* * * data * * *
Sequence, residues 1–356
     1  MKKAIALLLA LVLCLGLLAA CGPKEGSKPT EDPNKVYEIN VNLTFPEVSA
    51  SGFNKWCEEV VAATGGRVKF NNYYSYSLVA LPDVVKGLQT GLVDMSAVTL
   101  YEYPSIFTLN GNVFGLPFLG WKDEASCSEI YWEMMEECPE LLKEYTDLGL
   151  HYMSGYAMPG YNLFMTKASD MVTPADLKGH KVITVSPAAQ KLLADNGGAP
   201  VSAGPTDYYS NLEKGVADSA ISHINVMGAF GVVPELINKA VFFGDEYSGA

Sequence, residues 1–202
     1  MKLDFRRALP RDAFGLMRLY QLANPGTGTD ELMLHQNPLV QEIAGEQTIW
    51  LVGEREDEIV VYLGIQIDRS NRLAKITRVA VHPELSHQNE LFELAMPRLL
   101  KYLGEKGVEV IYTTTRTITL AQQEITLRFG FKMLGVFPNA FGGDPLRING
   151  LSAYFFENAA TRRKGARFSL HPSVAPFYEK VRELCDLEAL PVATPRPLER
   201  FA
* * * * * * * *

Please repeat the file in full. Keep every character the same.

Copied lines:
Sequence, residues 1–356
     1  MKKAIALLLA LVLCLGLLAA CGPKEGSKPT EDPNKVYEIN VNLTFPEVSA
    51  SGFNKWCEEV VAATGGRVKF NNYYSYSLVA LPDVVKGLQT GLVDMSAVTL
   101  YEYPSIFTLN GNVFGLPFLG WKDEASCSEI YWEMMEECPE LLKEYTDLGL
   151  HYMSGYAMPG YNLFMTKASD MVTPADLKGH KVITVSPAAQ KLLADNGGAP
   201  VSAGPTDYYS NLEKGVADSA ISHINVMGAF GVVPELINKA VFFGDEYSGA

Sequence, residues 1–202
     1  MKLDFRRALP RDAFGLMRLY QLANPGTGTD ELMLHQNPLV QEIAGEQTIW
    51  LVGEREDEIV VYLGIQIDRS NRLAKITRVA VHPELSHQNE LFELAMPRLL
   101  KYLGEKGVEV IYTTTRTITL AQQEITLRFG FKMLGVFPNA FGGDPLRING
   151  LSAYFFENAA TRRKGARFSL HPSVAPFYEK VRELCDLEAL PVATPRPLER
   201  FA